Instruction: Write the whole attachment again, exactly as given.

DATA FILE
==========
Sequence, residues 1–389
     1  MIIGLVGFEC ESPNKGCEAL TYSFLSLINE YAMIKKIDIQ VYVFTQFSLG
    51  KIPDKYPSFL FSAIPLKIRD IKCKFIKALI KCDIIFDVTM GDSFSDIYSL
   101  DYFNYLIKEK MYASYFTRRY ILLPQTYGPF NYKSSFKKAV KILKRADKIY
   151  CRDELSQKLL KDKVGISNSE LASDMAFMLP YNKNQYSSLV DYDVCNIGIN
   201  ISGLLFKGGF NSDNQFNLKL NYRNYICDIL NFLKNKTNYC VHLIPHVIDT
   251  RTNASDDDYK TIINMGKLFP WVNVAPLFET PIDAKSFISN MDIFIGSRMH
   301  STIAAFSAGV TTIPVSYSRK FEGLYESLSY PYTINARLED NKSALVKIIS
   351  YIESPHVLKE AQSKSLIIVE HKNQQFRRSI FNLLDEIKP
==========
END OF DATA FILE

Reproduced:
Sequence, residues 1–389
     1  MIIGLVGFEC ESPNKGCEAL TYSFLSLINE YAMIKKIDIQ VYVFTQFSLG
    51  KIPDKYPSFL FSAIPLKIRD IKCKFIKALI KCDIIFDVTM GDSFSDIYSL
   101  DYFNYLIKEK MYASYFTRRY ILLPQTYGPF NYKSSFKKAV KILKRADKIY
   151  CRDELSQKLL KDKVGISNSE LASDMAFMLP YNKNQYSSLV DYDVCNIGIN
   201  ISGLLFKGGF NSDNQFNLKL NYRNYICDIL NFLKNKTNYC VHLIPHVIDT
   251  RTNASDDDYK TIINMGKLFP WVNVAPLFET PIDAKSFISN MDIFIGSRMH
   301  STIAAFSAGV TTIPVSYSRK FEGLYESLSY PYTINARLED NKSALVKIIS
   351  YIESPHVLKE AQSKSLIIVE HKNQQFRRSI FNLLDEIKP